Results 1 to 6 of 6

Math Help - Distribution of a + X

  1. #1
    Super Member Anonymous1's Avatar
    Joined
    Nov 2009
    From
    Big Red, NY
    Posts
    517
    Thanks
    1

    Distribution of a + X

    Suppose that Θ is a random variable that follows a gamma distribution with parameters λ and α, where α is an integer, and suppose that, conditional on Θ, Χ follows a poisson distribution with parameter Θ. Find the unconditional distribution of α + Χ. (Hint: Find the mgf by using iterated conditional expectations)
    Follow Math Help Forum on Facebook and Google+

  2. #2
    MHF Contributor matheagle's Avatar
    Joined
    Feb 2009
    Posts
    2,763
    Thanks
    5
    Use the hint.

     E(e^{(a+X)t}) =E(E(e^{(a+X)t})|\theta)

     =e^{at}E(E(e^{tX})|\theta) =e^{at}E(e^{\theta(e^t-1)})

     =e^{at}M_{\theta}(e^t-1)=e^{at}M_{\theta}(s)

    SO, plug in  s=e^t-1 into the MGF of your gamma distribution.
    Follow Math Help Forum on Facebook and Google+

  3. #3
    MHF Contributor matheagle's Avatar
    Joined
    Feb 2009
    Posts
    2,763
    Thanks
    5
    Did you get an interesting result?
    I didn't finish this, because I think that's your job.
    But I would like to see what your final result is.
    Follow Math Help Forum on Facebook and Google+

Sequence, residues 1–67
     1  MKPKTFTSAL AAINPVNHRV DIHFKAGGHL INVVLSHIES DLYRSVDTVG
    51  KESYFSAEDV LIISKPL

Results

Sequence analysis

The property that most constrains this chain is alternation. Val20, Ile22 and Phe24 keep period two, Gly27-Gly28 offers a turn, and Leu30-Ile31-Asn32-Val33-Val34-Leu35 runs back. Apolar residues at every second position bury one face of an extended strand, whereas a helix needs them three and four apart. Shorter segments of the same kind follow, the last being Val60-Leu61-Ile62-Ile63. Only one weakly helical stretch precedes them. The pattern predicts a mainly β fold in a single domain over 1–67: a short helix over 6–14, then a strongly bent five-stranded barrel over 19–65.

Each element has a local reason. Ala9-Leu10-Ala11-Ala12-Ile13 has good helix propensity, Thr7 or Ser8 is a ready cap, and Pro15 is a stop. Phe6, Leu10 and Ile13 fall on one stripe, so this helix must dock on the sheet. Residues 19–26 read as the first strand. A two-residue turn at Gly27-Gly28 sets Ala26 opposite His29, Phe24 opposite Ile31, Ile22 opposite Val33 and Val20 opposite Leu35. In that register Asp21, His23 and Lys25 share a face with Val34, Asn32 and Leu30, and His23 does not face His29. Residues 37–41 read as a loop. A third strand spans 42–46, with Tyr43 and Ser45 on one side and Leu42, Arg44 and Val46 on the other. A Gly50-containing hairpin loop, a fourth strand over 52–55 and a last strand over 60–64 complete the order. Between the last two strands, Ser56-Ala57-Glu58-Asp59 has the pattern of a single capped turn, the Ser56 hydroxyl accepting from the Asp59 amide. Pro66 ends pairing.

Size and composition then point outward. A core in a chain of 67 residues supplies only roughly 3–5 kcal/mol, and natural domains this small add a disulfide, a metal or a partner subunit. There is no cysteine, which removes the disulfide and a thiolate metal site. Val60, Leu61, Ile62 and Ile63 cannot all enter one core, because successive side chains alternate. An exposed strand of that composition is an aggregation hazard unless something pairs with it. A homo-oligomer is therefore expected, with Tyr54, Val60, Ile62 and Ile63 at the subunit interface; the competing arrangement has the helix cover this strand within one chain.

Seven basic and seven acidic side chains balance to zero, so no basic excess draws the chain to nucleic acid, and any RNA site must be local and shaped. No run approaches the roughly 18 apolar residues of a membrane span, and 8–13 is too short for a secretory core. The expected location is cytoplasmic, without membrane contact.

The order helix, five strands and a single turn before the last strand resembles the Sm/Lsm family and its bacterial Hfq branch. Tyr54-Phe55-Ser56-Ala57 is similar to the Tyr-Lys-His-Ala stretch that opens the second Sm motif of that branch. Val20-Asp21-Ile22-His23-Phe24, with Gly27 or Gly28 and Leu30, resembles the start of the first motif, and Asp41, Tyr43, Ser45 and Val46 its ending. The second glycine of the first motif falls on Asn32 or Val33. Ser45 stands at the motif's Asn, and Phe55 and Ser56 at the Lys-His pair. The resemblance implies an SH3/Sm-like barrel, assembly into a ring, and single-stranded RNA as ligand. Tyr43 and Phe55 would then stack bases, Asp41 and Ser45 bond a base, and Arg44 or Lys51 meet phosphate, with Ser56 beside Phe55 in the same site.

4. #4
    Super Member Anonymous1's Avatar
    Joined
    Nov 2009
    From
    Big Red, NY
    Posts
    517
    Thanks
    1
    I'll post the result when I'm finished.

    One interesting thing I've found:

    X \sim  Negative Binomial(\alpha, \frac{1}{1+\lambda})
    Follow Math Help Forum on Facebook and Google+

  5. #5
    Super Member Anonymous1's Avatar
    Joined
    Nov 2009
    From
    Big Red, NY
    Posts
    517
    Thanks
    1
    I just did this in the past fifteen minutes so please let me know if things go awry.

    M_{a+X} = E[e^{(a+X)t}] = e^{at}M_{\theta} (s) = e^{at} (\frac{\lambda}{\lambda -(e^t - 1)})^a

    Now,

    M'_{a+X} (0) = a(\frac{\lambda + a}{\lambda}) = E[a+X]

    Also,

    E[a+X] = \int_{-\infty}^{\infty} (a+x)f_{a+X} (x) dx

    Therefore,

    \int_{-\infty}^{\infty} (a+x)f_{a+X} (x) dx = a(\frac{\lambda + 1}{\lambda})

    And I'm stuck here. Can I take the derivative of both sides or something?

    f_{a+x} (x) = \frac{1}{(a+x)}
    Last edited by Anonymous1; February 7th 2010 at 06:20 PM.
    Follow Math Help Forum on Facebook and Google+

  6. #6
    Super Member Anonymous1's Avatar
    Joined
    Nov 2009
    From
    Big Red, NY
    Posts
    517
    Thanks
    1
    \alpha + X \sim Negative Binomial
    Last edited by Anonymous1; February 8th 2010 at 08:41 PM.
    Follow Math Help Forum on Facebook and Google+

Similar Math Help Forum Discussions

  1. Replies: 0
    Last Post: May 12th 2011, 03:43 PM
  2. normal distribution prior and posterior distribution proof
    Posted in the Advanced Statistics Forum
    Replies: 0
    Last Post: March 9th 2011, 06:12 PM
  3. Replies: 2
    Last Post: March 29th 2010, 02:05 PM
  4. Conditional distribution and finding unconditional distribution
    Posted in the Advanced Statistics Forum
    Replies: 2
    Last Post: December 2nd 2008, 04:48 AM
  5. Cumulative distribution function of binomial distribution
    Posted in the Advanced Statistics Forum
    Replies: 2
    Last Post: October 31st 2008, 03:34 PM

Search Tags


/mathhelpforum @mathhelpforum